A Pack of Lenses for Entrepreneurs

Seeing the world in a different way: https://www.pexels.com/photo/person-holding-star-cutout-paper-facing-mountain-604895/

There are obvious reason why entrepreneurs fail, like having too many competitors and too little funding. But if entrepreneurs know about these obstacles they can adapt and make more efficient decisions to success.

The far trickier problems happen when entrepreneurs do not know about an obstacle and waste valuable time doing the wrong thing. Because of this, one of the best things an entrepreneur can do is to look at their company from as many angles as possible. The more lenses an entrepreneur has at their disposal, the fewer unknown obstacles.

Jesse Schell, the author of the Art of Game Design, created lenses for the game design world to help game designers look at their projects from many angles. Inspired by his work, I have adapted many of these lenses for entrepreneurs. This is an evolving list, so if you know of more questions that should be added, please feel free to reach out to me at rachel@adjacent.us.

Emotion

  • What emotions do I want people to feel towards my company?
  • What is essential to my company to help people obtain this experience? Customer service? Visual design?
  • How can I reinforce this emotion towards my company along every stage of people’s interactions, from sign-up, to weekly emails, to memories of my company?

Venue

  • What is the best venue to reach my customers at?
  • What venue best expresses the experience I want my customers to have towards my company?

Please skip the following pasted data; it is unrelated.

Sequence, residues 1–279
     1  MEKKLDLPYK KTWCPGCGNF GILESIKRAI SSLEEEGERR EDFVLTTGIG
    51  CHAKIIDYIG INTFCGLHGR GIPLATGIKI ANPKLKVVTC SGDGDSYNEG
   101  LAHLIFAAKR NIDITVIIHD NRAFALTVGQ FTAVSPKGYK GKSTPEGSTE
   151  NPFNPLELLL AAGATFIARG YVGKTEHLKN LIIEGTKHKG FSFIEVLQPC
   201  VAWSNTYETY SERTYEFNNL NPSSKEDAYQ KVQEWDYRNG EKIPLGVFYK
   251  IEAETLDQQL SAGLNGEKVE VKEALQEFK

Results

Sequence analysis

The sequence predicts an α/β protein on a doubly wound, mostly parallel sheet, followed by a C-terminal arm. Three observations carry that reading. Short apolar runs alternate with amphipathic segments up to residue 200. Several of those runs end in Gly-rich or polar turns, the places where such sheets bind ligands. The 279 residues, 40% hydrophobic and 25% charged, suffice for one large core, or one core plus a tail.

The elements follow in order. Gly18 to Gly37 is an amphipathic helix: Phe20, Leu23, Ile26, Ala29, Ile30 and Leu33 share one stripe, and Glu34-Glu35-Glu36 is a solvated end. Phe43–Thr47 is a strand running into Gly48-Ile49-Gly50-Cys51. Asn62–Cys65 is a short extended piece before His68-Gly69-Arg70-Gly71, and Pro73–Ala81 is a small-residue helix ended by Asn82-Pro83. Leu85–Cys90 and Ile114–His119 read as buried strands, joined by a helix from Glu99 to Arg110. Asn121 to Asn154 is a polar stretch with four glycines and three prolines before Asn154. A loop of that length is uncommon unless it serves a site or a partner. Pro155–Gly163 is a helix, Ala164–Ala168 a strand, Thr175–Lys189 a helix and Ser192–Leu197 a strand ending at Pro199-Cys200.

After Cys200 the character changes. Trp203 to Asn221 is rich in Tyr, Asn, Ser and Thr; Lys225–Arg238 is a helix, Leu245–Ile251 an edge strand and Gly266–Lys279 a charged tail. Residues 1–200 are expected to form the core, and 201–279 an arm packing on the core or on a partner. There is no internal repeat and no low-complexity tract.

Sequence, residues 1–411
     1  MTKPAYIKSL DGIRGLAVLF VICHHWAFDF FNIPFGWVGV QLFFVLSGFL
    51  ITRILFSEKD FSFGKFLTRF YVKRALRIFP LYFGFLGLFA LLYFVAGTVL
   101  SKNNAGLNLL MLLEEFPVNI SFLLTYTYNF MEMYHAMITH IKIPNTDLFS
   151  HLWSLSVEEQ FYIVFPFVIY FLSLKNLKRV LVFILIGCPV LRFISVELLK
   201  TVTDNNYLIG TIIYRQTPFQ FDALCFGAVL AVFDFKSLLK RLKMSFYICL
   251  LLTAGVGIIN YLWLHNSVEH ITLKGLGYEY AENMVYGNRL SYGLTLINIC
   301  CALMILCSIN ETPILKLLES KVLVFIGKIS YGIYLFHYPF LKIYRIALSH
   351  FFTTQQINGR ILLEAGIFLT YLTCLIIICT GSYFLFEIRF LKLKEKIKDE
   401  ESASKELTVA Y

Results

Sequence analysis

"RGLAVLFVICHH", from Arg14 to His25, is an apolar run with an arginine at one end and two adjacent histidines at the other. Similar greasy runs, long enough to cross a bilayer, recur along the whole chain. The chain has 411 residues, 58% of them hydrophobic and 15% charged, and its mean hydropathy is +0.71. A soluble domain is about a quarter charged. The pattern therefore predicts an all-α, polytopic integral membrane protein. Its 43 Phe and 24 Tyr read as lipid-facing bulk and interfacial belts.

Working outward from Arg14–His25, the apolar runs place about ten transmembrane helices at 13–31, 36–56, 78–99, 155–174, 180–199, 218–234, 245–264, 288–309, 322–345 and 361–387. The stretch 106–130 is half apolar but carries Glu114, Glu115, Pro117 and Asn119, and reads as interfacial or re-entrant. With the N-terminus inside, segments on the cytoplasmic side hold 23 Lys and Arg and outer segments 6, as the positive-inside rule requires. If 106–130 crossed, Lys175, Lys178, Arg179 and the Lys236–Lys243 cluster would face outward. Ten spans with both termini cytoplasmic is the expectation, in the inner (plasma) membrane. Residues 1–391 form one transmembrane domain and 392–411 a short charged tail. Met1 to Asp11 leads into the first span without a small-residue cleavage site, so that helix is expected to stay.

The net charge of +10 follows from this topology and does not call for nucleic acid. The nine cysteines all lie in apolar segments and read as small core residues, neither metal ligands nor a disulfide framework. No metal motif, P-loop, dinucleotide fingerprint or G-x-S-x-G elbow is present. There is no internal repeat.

• What properties about the venue imbue the experience I want people to have?

Surprise

  • What way can I surprise my first customer to not simply give them a product or service, but delight them?
  • What elements of that experience with my first customer can I scale up to many customers?
  • Are there elements that are hidden, unique, or different?

Energy

  • It takes energy for people to interact with a product or service. How can I design my company to lower the energy people need to exert to interact with my company?
  • How can I use elements of gamification to increase the energy people want to exert on my product or service and keep them coming back?

Motivation

  • What motivates people to interact with my company?
  • Is there a gap between the motivations that people say and what they do?
  • How does this motivation tap into larger human goals (the search for food, shelter, or larger meaning) ? How can I tap into ever deeper goals?
  • Are the motivations of the people who use my product or service external or internal?
  • Are there conflicting motivations of different groups who interact with my company?

Problems

  • What problems is my company solving?
  • Is this a problem that people are currently paying to have solved?
  • How are people currently solving this problem?
  • Are there hidden problems underneath this one problem that need to be solved first?
  • Why hasn’t this problem been solved already?
  • How can I tie my solution to something that is already evaluated, and costs people money? The clearer I can say, “I am saving you X amount” the more successful I will be.

Detractors

  • Who came to my platform or service once but either did not finish, or did not come back?
  • Are there themes in terms of the kinds of people who are not coming back? Are there similarities in the point in the process at which they don’t come back?

Excitement

  • What component of my company gets people excited? Is it something about the sign-up process? Holding the object in their hands? Lasting impact to the field? Find the most exciting kernel and reinforce it!

Future